Young children in primary school already experience many hours where they sit still in daily life. While their heads are doing all the hard work their bodies are inactive. The majority of the children do not achieve the National guidelines of 60 minutes of moderate to vigorous physical activity per day and their motor proficiency has decreased in the past 10 years. These developments place children at increased risk of developing overweight and an inactive lifestyle, leading to chronic diseases like cardiovascular diseases, diabetes, depression and suboptimal cognitive functioning.
Besides the risks of physical inactivity, academic performance of primary school children has decreased over the past 10 years, placing them at risk of inadequate cognitive development and negative effects on their further school career and success on the job market.
At UMCGs SHARE institute in research programme Smart Movements, associate professor Esther Hartman and her team developed an innovative learning method for primary school children. To improve children’s health and academic performance, a physically active learning approach has been developed. Research shows there is link between children’s physical activity levels with their cognitive functions and school achievements (e.g. De Greeff et al., 2018; Haverkamp et al., 2020). This is way it is important to break the school day and alternate sedentary learning with physically active learning.
The learning method entails a physically active approach for the language and maths classes. The approach is called “Fit and Academically Proficient at School” (“Fit & Vaardig op School”). A large scale randomized controlled trial in 12 primary schools in 500 children showed that children involved in the programme are more physically active during classes and they pay more attention to their school tasks than children that followed the regular programme. On the long term, these children had a lower body mass index and reached learning gains of 4 months on mathematics and spelling (de Greeff et al., 2016; Mullender-Wijnsma et al., 2015; Mullender-Wijnsma et al., 2016). The learning method can be delivered by teachers with an app and a digital board in children aged 6-12.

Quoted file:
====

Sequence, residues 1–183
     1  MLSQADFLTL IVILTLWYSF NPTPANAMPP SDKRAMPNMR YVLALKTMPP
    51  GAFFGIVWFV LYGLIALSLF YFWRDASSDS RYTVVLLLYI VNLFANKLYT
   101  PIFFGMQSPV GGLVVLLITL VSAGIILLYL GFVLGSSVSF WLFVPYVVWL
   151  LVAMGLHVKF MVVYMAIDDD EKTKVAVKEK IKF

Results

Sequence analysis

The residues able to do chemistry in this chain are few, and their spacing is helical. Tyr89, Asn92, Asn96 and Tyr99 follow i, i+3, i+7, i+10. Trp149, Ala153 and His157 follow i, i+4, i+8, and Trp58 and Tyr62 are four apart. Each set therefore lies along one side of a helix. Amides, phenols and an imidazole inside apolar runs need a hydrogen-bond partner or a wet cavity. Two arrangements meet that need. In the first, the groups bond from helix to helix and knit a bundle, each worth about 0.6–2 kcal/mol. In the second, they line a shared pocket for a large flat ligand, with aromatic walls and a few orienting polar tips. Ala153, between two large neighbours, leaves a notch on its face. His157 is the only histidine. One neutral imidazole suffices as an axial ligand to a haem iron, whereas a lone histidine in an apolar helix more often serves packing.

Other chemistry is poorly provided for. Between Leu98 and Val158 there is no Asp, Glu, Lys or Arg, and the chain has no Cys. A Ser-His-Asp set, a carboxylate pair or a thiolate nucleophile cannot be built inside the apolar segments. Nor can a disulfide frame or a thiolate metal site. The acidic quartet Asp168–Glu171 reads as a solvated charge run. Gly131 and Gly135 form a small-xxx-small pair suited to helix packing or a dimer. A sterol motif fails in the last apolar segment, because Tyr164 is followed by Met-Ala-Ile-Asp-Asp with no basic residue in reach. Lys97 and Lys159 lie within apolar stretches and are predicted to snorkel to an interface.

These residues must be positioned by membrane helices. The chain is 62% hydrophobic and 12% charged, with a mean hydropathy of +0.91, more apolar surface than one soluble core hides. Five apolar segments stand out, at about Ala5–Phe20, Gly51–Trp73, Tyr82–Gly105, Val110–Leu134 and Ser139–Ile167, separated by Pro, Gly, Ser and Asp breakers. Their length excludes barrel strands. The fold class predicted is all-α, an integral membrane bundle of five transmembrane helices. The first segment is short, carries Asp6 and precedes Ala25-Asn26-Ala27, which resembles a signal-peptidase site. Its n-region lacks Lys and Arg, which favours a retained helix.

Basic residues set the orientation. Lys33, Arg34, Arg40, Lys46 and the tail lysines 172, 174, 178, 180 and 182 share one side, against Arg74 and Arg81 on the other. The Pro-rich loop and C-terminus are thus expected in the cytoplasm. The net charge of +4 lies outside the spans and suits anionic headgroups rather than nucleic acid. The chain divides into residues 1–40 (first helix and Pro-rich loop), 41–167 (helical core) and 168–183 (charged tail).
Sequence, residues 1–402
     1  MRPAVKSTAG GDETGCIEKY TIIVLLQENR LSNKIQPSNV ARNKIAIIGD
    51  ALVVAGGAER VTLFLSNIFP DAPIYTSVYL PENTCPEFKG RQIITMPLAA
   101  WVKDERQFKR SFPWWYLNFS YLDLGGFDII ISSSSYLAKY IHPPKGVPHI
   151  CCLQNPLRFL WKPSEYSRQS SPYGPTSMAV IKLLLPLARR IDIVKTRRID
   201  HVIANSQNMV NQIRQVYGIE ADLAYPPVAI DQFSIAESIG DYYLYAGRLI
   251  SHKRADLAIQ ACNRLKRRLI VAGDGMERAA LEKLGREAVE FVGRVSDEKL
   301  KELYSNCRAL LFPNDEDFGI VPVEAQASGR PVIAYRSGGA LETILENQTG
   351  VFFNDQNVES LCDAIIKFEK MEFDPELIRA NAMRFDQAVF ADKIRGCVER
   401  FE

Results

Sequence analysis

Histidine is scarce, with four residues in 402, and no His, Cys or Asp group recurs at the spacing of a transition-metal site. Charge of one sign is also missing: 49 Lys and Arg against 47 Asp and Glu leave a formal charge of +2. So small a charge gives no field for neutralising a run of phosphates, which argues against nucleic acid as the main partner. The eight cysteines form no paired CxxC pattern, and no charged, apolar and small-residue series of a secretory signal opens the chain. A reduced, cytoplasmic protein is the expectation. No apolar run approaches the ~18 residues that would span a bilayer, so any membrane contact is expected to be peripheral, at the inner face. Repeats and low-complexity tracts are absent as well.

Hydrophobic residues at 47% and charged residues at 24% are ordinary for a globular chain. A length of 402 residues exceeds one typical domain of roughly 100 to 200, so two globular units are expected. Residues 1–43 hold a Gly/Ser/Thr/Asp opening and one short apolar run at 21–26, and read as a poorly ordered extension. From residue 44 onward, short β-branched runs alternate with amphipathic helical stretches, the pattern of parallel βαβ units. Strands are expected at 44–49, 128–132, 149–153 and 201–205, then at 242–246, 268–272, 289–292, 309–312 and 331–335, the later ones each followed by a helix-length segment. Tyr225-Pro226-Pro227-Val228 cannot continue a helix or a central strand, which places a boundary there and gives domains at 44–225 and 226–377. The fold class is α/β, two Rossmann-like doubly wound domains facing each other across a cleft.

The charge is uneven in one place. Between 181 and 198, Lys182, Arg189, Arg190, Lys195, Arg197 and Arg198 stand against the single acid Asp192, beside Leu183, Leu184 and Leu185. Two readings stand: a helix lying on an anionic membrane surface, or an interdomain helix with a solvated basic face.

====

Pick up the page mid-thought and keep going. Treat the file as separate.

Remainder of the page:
Societal relevance and stakeholders
In order to facilitate the communication of the “Fit and Academically Proficient at School” learning method, an app has been developed that supports the communication from teachers to school classes for children in the age of 6 to 12. For teachers an online platform is available to offer support (in Dutch) (www.fitenvaardigopschool.nl). “Fit and Academically Proficient at School” is currently being used in many primary schools in the Netherlands.
The Dutch Ministry of Education awarded the research proposal in 2011 with a grant. In 2016 the research was nominated for the Klokhuis Science award, a popular children’s television programme. In 2017 the Dutch Research Council (NWO) rewarded the research programme with an Award, both from the Scientific board and the Public board.
“Fit and Academically Proficient at School” has been incorporated in the advice to the Dutch Parliament (Tweede Kamer) in 2018. The approach received has received a lot of media attention. The partners involved provide (inter)national workshops and lectures for a scientific as well as a broad audience.
As a spin-off result of the research programme the Dutch Research Council and the Dutch “Hersenstichting” (Brain Foundation) granted two follow-up research projects: Learning by Moving and Move to Improve. In 2020 the Dutch Research Council granted a follow-up research project aimed at developing a physically active learning method in special needs education (“Fit en Vaardig in het Speciaal Basisonderwijs”).
The research at the base of the “Fit and Academically Proficient at School” learning method is the result of multi-layered collaborations between academics and non-academics partners. The academic partners involved are UMCG (Human Movement Sciences), University of Groningen (Educational Sciences), and RuG Preventieversneller. The Knowledge partners we collaborate with in this project are HBO’s: Academic PABO, ALO’s, Sport Innovator Center Groningen, and Noordelijk Onderwijs Gilde (NOG) that provides training programs for teachers, assistants, and school managers, regular primary schools and schools for special needs education. Societal partners involved in the project are Stichting Onderwijs & Samenleven (Innovatie BV), Klare Koek (company that developed the app), and Sport Fryslan.